The regulation of air pollution has reduced its toll on heart and lung diseases. However, in a series of papers, Dr. Matthew Neidell, Columbia University Mailman School professor of health policy and management, and colleagues, report that polluted air also puts our brain at risk. The findings published in Environmental Health Perspectives show that short-term exposures were associated with the productivity of workers.
When Dr. Neidell began to study air pollution and productivity, he started with people who work primarily outdoors. He followed this with studies of indoor workers in manufacturing and call center employees in China and found consistent evidence that higher levels of outdoor air pollution were associated with decreased worker output as well as with call center employees. “They were completing fewer calls and taking more breaks on days with high air pollution,” Dr. Neidell says.
As to whether PM2.5 influences cognitive functions, Dr. Neidell and colleagues analyzed 10 years of S&P 500 investment returns as a proxy for the job performance of stockbrokers, and found that higher ambient PM2.5 levels in NY were associated with reduced stock trading returns. To interpret this finding, Dr. Neidell points to studies suggesting that lower cognitive ability may lead to more risk-averse behavior and a shift toward less risky investments.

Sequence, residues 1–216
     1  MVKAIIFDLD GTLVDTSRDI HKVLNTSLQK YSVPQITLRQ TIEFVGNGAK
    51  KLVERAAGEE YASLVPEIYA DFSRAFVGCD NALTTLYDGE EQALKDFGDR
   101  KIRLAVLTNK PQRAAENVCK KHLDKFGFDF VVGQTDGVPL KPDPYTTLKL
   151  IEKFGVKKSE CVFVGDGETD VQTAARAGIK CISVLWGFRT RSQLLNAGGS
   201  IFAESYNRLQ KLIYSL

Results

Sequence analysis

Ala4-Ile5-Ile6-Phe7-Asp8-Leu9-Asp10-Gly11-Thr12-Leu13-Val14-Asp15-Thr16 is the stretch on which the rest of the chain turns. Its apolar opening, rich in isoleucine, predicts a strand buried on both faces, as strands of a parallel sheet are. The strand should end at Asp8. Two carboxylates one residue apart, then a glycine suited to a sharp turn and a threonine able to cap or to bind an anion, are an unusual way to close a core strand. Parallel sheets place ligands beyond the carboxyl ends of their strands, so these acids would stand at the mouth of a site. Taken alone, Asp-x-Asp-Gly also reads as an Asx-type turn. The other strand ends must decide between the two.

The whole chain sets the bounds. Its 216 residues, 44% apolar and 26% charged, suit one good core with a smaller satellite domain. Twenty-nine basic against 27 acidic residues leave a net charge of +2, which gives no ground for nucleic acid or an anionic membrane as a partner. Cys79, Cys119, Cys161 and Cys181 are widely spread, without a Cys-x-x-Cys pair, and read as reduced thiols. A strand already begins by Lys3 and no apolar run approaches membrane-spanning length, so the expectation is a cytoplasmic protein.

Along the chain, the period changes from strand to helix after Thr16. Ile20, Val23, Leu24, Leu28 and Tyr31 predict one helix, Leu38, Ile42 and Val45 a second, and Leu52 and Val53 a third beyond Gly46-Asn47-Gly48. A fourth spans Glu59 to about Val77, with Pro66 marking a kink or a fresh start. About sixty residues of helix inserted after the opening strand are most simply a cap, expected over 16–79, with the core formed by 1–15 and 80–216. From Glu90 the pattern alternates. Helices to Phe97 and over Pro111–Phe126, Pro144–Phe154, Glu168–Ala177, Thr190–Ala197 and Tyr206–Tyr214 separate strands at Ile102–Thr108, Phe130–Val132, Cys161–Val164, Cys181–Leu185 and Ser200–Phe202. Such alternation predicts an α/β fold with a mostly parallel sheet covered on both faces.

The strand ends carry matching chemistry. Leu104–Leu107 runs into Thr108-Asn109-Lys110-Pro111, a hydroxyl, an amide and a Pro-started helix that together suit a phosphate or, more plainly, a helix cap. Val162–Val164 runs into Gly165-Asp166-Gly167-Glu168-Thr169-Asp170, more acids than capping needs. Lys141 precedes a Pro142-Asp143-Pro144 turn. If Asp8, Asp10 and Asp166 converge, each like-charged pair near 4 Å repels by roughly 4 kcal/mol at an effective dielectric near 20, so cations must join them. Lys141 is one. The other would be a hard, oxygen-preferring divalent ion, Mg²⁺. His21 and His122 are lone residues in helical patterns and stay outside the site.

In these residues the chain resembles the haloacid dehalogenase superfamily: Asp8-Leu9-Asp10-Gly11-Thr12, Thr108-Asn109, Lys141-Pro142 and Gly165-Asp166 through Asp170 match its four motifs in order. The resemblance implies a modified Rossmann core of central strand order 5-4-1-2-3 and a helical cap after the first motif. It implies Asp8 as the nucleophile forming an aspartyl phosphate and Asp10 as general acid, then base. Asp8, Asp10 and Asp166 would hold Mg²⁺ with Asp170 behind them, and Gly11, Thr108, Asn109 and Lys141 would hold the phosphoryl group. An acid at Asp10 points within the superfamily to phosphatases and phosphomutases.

Findings have wide-ranging implications because “stock price variations send signals across the U.S. and international economy,” he noted. To follow up, Neidell is now doing a campus-based study — testing whether the decision-making ability of Columbia students varies with outdoor PM2.5 levels, as measured at the building where the students are assessed.Friday Letter Submission